Navigating toward the middle of the spectrum, becoming more acceptable for use in worship, are prayer texts that are biblically and theologically sound, but never go beyond a generic address of God. The text uses biblical/theological names (God, Lord, the Almighty, Creator, etc.) or metaphors (Shepherd, Rock of Israel, King, Ruler, etc.) to address God, but misses the opportunity to appropriately recognize and address the Triune nature of God by naming one or more of the divine persons – Father, Son and Holy Spirit by name, title or work. A generic, but biblically sound prayer text like this is given a score of twenty (20) points.

Because at the very heart of Christianity is the revelation of God as Trinity, one God in Three Persons, at the higher end of the spectrum are prayer texts that address explicitly or implicitly the triune nature of God by naming one or more of the divine persons; where Father, Son and Spirit are addressed or acknowledged by name, title or work. For example, a prayer text may address only the Father, but implicit in the name “Father” is relationship to a Son. Likewise, to call Jesus Christ the “Son” in prayer implies that Christ is related to another who is Father. Similarly, to speak of the Holy Spirit in a text is to imply one who is distinct from the Father and the Son. More explicitly, God’s triune nature is brought to greatest clarity when all three Persons are addressed in prayer. Such a text is assigned thirty (30) points.

A prayer text that receives the highest score is one that competently addresses one or more of the divine persons – Father, Son and Holy Spirit – by name, title or work and appropriately relates ideas to the respective economies of the divine Persons. For example, a prayer text will primarily, but not exclusively relate ideas about creation and providence to the Father, salvation and redemption to the Son, and illumination and sanctification to the Holy Spirit. While no divine Person works in isolation from the other Persons, sound Christian teaching relates divine action to particular Persons. A prayer song text that perceptively and accurately does this is given the highest score of forty (40) points.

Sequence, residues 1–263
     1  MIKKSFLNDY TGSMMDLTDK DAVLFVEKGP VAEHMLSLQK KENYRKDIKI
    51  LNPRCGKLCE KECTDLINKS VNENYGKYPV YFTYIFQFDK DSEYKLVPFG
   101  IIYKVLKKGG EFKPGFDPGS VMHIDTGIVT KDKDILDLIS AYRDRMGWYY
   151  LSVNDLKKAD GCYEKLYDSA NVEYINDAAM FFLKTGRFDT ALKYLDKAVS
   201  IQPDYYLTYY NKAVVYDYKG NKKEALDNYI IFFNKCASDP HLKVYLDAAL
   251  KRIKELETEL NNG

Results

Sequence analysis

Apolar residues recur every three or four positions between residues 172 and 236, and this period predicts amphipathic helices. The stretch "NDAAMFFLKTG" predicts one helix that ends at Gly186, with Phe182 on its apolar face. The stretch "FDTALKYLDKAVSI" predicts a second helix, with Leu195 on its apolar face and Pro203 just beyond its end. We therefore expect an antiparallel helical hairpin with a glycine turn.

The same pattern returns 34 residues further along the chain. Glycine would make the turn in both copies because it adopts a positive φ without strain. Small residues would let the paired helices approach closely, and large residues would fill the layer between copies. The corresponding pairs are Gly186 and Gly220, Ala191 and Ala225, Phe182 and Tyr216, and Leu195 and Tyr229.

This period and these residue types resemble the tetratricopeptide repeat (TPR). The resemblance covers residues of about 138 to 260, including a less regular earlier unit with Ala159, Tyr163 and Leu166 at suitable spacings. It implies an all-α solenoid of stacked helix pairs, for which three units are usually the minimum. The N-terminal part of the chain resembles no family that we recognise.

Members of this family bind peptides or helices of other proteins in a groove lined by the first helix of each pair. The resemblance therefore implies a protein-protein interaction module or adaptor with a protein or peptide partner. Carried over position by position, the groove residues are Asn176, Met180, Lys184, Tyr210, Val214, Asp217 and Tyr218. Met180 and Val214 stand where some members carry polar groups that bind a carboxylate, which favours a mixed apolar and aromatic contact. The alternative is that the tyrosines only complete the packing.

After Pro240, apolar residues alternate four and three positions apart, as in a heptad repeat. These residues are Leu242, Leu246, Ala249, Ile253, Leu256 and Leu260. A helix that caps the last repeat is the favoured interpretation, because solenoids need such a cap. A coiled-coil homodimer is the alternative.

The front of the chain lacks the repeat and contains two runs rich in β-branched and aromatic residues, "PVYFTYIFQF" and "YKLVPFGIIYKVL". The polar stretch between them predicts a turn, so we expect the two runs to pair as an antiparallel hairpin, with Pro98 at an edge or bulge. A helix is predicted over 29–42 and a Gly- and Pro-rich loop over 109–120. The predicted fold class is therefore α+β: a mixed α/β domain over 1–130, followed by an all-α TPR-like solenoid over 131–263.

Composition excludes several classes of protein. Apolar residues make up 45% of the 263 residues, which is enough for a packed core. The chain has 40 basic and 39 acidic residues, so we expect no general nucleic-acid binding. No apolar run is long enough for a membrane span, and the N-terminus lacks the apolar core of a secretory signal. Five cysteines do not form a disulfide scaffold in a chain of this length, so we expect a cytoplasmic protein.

C. Praise

In praise song texts, the worshipping Church exalts God for being God and lauds God for all He has done, is doing, and will do. Praise of God’s nature, character and actions is the focus of the song text. Therefore, the degree to which these are described with fidelity to Christian teaching becomes the basis for evaluation. While there are differences, praise texts are related to prayer texts. As such, there is substantial overlap with the prayer rubric. However, additional criteria, unique to the praise text type, must be considered.

To begin, at the lowest end of the spectrum, are praise texts that deny a doctrinal essential or communicate incorrectly a core Christian teaching. For example, in a praise text God’s nature and character should never be described in a way that denies essential Christian teaching on God’s triune nature or God’s essential attributes – immensity, eternality, transcendence, aseity, etc. Furthermore, a praise text should not diminish or deny essential actions of God, such as creation ex nihilo, God’s redemptive work in Christ’s incarnation, death and resurrection, and divine providence. A praise text that does this receives zero (0) points and must not be incorporated into Christian worship.

Next, there are praise texts that misrepresent God’s nature and character or ascribe actions to God not true of God, but what is said does not violate a biblical/theological essential. For example, a praise text may describe God’s love in a way that intentionally minimizes or obscures God’s holiness; it may attribute to God actions not properly belonging to God or state a doctrine poorly, such as portraying God’s sovereignty in a way that makes God the author of sin and evil. Although they are biblically and theologically questionable, because they do not violate a doctrinal essential, a praise text like this is given ten (10) points.

Navigating toward the middle of the spectrum are praise texts that are biblically and theologically sound, but never go beyond a generic description of God’s character, nature and action. For example, a praise text might mention attributes of God (goodness, holiness, love, etc) but does not develop them, never seeking to explore a deeper understanding of God’s character and nature. Furthermore, as with prayer texts, it misses the opportunity to appropriately praise the Triune nature of God by naming one or more of the divine persons – Father, Son and Holy Spirit by name, title or work. A generic, but biblically sound praise text like this is given a score of twenty (20) points.